When the five-minute call – ‘We’re closing the book fair for today!’ – comes, I normally go into overdrive. Quickly I empty my red fabric book bag (a long-term favourite for this occasion: it can be draped across to free BOTH hands for browsing) and scan the loot: what to keep, what to discard? This year time has run out and I have to trust my selection without a second look.

Filled with a wonderful sense of pleasure and joy I drive home and park the book bag for the evening. I believe that books need natural light for inspection and true appreciation, particularly picture books. So not until the next day, Saturday, after housework and other chores completed, the moment of reveal has arrived. I empty the book bag’s rewards on a clean kitchen bench and make three piles of books: one for work, one for myself, one for my husband Wiel. First things first. I lightly clean each cover and sides with a damp cloth (and additional antiseptic wipe in Covid-times) to remove stains, dirty fingers and dust.  

I marvel over the picture books and comics I scored for work. I make a point of reading each book first before it lands in the waiting room, to ensure that it is in a reasonable condition and has appropriate content. Jordan Watson’s How to Dad, Vol. 2 is so typical Kiwi: a father illustrating in pictures and words what parenting is really all about, or not. Hilarious! Next I smile over some cute picture books and move to the Christmas themed books. I love providing our waiting room (not before December though) with a variety of Christmassy books for big and small. I have a weakness for old fashioned style pictures and Christopher discovers a secret and The night before Christmas (a Golden Book) make me glow inside and starry-eyed.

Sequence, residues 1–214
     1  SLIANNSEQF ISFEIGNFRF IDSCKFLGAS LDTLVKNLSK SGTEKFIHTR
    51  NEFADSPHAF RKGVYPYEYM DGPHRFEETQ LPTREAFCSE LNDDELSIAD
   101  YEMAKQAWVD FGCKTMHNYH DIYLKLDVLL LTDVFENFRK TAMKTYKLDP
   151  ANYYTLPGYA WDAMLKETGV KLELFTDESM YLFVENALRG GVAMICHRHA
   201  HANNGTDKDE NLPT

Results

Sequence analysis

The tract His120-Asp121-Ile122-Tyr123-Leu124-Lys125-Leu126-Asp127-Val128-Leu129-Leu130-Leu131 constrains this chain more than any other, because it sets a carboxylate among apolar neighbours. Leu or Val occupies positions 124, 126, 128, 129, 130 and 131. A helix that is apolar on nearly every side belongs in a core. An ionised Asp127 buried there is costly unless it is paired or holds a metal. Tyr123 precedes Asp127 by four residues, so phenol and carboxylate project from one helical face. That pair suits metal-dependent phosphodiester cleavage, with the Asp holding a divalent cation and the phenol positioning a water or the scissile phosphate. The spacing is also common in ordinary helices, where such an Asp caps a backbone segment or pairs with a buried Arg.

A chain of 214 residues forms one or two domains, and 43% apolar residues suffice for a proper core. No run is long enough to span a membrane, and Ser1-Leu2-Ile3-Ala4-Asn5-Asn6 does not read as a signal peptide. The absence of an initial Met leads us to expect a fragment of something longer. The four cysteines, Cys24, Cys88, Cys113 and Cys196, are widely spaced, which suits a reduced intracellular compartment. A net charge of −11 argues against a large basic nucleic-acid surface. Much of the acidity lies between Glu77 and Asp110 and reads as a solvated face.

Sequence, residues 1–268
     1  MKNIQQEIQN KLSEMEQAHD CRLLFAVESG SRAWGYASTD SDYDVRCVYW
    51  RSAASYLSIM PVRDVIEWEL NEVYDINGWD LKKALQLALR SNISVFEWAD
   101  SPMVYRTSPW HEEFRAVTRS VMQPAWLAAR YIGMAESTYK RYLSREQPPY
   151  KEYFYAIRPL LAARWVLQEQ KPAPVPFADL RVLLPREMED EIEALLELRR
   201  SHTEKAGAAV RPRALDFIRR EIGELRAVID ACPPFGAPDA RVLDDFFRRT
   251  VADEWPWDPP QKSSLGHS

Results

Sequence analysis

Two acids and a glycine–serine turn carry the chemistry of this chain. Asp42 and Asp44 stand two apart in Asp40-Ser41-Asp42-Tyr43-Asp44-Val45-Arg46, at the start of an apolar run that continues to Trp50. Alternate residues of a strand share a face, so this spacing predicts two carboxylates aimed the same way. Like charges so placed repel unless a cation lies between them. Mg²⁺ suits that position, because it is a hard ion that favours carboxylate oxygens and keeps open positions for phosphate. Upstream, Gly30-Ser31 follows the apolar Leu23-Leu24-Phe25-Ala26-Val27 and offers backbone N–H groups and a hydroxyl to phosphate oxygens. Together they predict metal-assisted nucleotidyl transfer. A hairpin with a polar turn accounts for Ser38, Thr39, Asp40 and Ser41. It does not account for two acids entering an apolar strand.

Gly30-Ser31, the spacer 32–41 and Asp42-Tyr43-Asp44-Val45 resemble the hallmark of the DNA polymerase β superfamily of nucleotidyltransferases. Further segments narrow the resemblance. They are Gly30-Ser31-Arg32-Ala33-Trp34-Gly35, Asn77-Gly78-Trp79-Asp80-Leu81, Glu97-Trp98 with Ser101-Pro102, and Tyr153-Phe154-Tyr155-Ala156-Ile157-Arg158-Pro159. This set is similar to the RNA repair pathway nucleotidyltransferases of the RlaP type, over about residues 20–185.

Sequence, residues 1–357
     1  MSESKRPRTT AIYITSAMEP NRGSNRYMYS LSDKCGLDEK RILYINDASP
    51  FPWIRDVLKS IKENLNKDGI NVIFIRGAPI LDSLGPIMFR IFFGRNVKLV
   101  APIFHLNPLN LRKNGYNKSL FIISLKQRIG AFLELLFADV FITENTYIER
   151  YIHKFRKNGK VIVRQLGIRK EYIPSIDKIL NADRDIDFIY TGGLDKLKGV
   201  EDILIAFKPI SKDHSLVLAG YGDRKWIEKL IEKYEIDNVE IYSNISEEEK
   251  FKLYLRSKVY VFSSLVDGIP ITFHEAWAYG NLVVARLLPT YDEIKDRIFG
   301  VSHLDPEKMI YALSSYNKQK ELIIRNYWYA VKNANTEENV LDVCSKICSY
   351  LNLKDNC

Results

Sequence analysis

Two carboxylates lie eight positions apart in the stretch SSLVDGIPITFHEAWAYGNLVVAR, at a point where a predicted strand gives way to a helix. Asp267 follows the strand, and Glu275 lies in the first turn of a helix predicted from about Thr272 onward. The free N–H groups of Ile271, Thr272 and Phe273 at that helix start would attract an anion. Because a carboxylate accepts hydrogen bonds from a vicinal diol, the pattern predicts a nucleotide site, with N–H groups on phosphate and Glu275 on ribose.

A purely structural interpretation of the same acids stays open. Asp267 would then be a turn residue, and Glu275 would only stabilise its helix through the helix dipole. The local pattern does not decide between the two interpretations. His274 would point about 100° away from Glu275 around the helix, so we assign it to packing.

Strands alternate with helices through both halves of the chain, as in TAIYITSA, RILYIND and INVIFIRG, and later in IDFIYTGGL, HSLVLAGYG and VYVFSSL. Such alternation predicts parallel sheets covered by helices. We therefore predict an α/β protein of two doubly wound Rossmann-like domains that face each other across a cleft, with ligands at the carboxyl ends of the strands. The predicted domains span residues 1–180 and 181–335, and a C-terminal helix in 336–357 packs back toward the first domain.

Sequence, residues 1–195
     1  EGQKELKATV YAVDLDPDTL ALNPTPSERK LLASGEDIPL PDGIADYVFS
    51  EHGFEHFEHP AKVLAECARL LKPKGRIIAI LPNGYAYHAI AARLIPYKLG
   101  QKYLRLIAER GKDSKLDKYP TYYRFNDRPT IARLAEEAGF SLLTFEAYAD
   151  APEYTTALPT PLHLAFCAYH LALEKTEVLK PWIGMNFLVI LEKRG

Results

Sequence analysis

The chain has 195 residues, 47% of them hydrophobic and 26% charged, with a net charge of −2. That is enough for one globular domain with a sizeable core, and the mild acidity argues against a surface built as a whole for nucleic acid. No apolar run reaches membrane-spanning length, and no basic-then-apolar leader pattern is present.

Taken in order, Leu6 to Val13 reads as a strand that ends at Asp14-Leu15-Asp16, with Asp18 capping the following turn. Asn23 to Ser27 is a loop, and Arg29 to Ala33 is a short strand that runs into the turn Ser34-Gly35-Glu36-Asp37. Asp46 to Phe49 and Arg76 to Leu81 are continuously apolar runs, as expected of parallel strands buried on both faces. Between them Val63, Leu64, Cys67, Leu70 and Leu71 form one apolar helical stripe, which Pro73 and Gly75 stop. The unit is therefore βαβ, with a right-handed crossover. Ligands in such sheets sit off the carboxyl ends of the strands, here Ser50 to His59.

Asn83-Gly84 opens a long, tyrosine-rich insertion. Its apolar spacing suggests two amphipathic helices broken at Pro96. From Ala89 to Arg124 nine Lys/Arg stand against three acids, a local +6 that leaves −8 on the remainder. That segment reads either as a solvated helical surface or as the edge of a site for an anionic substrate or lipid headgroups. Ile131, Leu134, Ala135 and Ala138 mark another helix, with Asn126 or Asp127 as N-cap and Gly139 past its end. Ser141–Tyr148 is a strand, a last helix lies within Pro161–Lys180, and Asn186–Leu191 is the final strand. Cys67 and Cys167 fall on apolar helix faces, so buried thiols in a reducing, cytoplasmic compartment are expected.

Wiel’s books end up in the bookcase without further ado. It’s not that I am not interested, and they too get a clean-over, but let’s get to the really good stuff!

That’s my pile, you see! The few novels I bought are placed in full view in the bookcase in the living room. I read almost everything I purchase or receive (although it can take weeks, months or years) but you, as an avid reader, know that your mood has a big say in dictating what kind of story or genre you need at a given point in time.

I lovingly stroke the picture books (nobody is watching). I’ll read them later, in daylight, when the time is right. And that’s right now! I laugh with Daniel Kirk’s story of Sam, the Library mouse (impossible to resist such title) and the cute books Sam produces for library visitors. And then, the gentle drawings by Tomie dePaola in Four stories for four seasons. I recognised his name from Quiet, a wonderful picture book about mindfulness he produced in 2018.

The rest of the books are patiently waiting their turn. Each time I’ll pick one up and settle down for reading, I’ll be smiling. I am in the best place one can be.

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